Fig. 3.

PAF of potentially modifiable RFs for dementia by income. On the left, circular bar chart with the individual PAF for each RF in each income quartile. Below, the total PAF for quartile groups with its 95% confidence interval. On the right, the individual PAF value for each RF by income and year.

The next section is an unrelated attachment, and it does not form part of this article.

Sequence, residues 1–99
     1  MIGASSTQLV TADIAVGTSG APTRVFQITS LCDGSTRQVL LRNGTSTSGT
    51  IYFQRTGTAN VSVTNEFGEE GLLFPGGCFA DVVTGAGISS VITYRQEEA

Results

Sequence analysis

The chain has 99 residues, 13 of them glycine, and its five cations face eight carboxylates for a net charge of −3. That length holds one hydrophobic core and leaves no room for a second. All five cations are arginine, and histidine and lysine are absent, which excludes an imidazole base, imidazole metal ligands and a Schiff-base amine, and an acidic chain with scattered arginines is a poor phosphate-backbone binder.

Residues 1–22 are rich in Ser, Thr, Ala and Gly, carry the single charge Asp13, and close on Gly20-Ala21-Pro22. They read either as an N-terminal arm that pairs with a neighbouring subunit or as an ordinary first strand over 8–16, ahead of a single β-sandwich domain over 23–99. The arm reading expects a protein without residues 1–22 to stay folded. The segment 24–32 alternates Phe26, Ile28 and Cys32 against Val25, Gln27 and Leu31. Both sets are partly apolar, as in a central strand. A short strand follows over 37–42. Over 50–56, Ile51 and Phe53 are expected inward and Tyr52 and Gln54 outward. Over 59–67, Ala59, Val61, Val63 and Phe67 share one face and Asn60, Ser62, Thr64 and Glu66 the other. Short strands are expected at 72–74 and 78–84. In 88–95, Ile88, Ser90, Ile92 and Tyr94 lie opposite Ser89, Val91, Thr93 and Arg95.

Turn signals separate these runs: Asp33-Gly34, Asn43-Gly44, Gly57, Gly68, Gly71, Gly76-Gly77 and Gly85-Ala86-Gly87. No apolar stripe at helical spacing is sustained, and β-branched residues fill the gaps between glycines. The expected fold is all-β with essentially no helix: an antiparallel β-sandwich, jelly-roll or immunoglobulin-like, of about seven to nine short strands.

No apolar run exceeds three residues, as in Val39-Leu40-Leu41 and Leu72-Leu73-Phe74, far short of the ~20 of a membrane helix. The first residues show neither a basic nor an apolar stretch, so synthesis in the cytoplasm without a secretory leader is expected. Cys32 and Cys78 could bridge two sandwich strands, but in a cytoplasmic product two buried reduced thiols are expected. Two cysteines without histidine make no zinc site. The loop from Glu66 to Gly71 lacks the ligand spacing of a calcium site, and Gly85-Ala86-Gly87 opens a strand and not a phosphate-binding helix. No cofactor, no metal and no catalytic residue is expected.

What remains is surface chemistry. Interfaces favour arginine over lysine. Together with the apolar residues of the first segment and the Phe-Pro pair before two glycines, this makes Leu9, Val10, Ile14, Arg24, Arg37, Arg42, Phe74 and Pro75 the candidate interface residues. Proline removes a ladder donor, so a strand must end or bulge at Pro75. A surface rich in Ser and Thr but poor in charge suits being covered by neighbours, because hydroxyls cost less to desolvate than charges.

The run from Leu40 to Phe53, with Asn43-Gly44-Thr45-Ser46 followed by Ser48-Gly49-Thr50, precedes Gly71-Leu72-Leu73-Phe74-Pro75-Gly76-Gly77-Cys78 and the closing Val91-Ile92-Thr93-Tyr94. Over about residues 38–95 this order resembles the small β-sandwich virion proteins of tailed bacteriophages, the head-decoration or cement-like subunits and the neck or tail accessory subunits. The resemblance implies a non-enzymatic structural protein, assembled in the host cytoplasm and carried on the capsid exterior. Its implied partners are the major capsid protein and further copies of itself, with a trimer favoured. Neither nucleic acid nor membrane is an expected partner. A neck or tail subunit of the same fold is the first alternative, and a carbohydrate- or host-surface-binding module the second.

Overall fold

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We found that the total PAF for Argentina is significantly higher than that reported for the world population. This represents a great potential for dementia prevention. Almost 60% of dementia cases in Argentina were attributable to 12 modifiable RFs. It is important to highlight that this elevated PAF is particularly related to a few RFs. While less education seems to have a smaller impact compared with global estimation, factors related to metabolic syndromes such as obesity, hypertension, and physical inactivity were important contributors to the overall PAF in Argentina. When we examined changes over time, we observed a small but significant increase in the total PAF. By focusing on individual factors, sustained increases in hypertension, obesity, and sedentary lifestyle-attributable fractions were found. Trying to explain these complex processes is challenging; however, it is undeniable that socio-demographic changes must be analyzed in terms of the increasing industrialization of Argentinean society, the rise in sedentary lifestyle, and dietary changes. However, education seems to be an important asset. The cases attributable to low educational attainment are lower than those reported globally, and there is even a noticeable trend toward improvement. Moreover, education has the potential to influence other RF control, as prevention policies seem to be better implemented in a highly educated population, and it is a key tool to achieve social and gender equity.